Friday, February 24, 2012 3:37 AM
I am running Microsoft SQL Server 2008 R2 (SP1) - 10.50.2500.0 (X64) on my Win2008 R2 workstation with 12gb of ram. I have a sql script that continuously copies records from Tables A-D to Tables E-F for some future large full text search testing. I run it in SSMS currently. Task Manager physical memory keeps creeping up until 99% of all memory is used. I then look at all processes in task manager and sort by working set memory. SSMS32.exe and SQLServr.exe are pretty steady in the memory utilization (working set of 303,000kb for SSMS32.exe and working set of 106,000kb for SQLServr.exe). The odd thing is the sum total of all processes don't add to the 12gb of memory that task manager is showing as being used. Something odd is going on. Any one else run into this?
Friday, February 24, 2012 3:43 AMModeratorIf SQL Server is using Lock Pages in Memory, the buffer pool memory allocations won't show up in Task Manager. You would have to look at the SQL Server Memory Manager\Total Server Memory counter to see what the total memory used by SQL Server is. If you don't want SQL to use all the memory on the machine, open the Server Properties in Object Explorer and configure max server memory to lower the size of the buffer pool space for SQL. The default configuration allows it to use as much memory as is available.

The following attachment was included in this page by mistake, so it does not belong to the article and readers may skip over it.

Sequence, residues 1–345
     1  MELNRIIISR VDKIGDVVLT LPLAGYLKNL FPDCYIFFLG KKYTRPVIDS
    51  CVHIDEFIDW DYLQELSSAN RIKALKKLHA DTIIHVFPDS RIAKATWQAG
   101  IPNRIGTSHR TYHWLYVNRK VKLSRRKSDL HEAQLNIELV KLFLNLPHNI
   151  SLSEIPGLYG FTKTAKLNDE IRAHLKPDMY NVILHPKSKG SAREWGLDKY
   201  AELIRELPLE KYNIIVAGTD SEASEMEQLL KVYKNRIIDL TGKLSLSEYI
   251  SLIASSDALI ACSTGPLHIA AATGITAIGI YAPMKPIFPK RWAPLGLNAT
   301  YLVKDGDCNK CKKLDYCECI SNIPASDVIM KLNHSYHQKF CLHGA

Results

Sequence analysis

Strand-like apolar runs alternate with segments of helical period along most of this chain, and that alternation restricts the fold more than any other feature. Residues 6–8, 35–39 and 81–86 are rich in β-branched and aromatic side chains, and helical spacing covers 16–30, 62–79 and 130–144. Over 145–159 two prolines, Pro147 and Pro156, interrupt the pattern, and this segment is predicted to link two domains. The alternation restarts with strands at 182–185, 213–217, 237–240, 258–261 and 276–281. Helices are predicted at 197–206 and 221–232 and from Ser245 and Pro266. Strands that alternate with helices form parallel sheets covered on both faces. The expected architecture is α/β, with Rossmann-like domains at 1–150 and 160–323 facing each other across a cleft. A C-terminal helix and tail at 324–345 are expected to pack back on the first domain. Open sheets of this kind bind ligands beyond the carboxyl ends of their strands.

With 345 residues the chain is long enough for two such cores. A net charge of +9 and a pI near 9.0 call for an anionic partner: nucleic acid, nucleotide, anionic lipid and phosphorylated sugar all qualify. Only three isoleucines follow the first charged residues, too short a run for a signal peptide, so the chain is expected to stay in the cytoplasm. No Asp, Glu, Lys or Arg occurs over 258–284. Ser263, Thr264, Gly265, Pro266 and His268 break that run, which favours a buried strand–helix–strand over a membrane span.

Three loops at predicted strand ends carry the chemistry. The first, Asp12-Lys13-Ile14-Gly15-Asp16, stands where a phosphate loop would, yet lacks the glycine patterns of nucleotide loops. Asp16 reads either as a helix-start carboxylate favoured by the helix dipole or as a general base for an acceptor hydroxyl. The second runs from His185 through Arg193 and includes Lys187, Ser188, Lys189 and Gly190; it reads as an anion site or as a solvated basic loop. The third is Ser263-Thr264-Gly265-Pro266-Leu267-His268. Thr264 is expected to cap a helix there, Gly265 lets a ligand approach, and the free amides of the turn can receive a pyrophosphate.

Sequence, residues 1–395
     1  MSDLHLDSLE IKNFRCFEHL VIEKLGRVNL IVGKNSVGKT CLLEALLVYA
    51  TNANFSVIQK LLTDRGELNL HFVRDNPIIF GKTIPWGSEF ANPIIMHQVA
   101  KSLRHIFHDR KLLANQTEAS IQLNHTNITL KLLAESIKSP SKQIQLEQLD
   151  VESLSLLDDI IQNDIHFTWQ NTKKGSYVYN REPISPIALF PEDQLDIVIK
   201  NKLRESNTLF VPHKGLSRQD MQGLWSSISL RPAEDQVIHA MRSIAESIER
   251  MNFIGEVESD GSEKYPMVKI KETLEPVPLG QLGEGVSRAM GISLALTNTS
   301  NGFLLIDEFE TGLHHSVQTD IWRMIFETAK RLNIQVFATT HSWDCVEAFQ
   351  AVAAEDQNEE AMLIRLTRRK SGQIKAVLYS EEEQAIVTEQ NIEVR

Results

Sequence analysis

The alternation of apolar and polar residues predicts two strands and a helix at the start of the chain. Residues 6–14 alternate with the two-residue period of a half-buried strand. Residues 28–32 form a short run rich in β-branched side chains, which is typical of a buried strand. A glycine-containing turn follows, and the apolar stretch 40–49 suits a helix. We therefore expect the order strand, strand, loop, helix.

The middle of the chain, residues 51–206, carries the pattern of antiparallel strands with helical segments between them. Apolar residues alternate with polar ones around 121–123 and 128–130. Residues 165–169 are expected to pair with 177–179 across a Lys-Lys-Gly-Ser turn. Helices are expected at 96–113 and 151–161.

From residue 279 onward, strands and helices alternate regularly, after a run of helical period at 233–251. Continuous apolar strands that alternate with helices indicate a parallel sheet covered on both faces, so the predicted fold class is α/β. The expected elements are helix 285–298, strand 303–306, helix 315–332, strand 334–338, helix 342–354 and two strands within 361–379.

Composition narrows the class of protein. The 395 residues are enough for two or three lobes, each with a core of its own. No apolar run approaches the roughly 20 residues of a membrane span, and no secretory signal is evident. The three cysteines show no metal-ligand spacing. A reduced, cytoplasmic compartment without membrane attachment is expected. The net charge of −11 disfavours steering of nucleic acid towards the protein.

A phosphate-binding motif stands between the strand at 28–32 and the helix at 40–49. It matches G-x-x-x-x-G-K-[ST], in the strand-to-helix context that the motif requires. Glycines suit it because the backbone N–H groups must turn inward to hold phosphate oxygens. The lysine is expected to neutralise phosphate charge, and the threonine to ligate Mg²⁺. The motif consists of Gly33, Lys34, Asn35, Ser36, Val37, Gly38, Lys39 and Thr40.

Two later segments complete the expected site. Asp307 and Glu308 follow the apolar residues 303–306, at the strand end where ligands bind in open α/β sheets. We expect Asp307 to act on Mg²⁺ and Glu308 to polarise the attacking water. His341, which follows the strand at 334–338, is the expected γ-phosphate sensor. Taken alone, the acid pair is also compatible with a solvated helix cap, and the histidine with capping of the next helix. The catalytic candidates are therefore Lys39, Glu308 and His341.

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- Marked As Answer by scott_m Friday, February 24, 2012 3:49 AM
Monday, February 27, 2012 10:57 PM
Just wanted to add this blurb that I found in Microsoft's Troubleshooting Performance Problems in SQL 2008:
"Address Windowing Extensions (AWE) is an API that allows a 32-bit application to manipulate physical memory beyond 4 GB memory limit. The AWE mechanism technically is not necessary on 64-bit platform. It is, however, present there. Memory pages that are allocated through the AWE mechanism are referred as locked pages on the 64-bit platform.
On both 32-bit and 64-bit platforms, memory that is allocated through the AWE mechanism cannot be paged out. This can be beneficial to the application. (This is one of the reasons for using AWE mechanism on 64-bit platform.) This also affects the amount of RAM that is available to the system and to other applications, which might have detrimental effects. For this reason, in order to use AWE, the Lock Pages in Memory privilege must be granted for the account that runs SQL Server.
From a troubleshooting perspective, an important point is that the SQL Server buffer pool uses AWE allocated memory; however, only database (hashed) pages can mapped or unmapped to take advantage of using additional memory allocated through AWE. Memory allocated through the AWE mechanism is not reported by Task Manager or in the Process: Private Bytes performance counter. You need to use counters that are specific to SQL Server counters or dynamic management views to obtain this information."
- Edited by scott_m Monday, February 27, 2012 10:58 PM formatting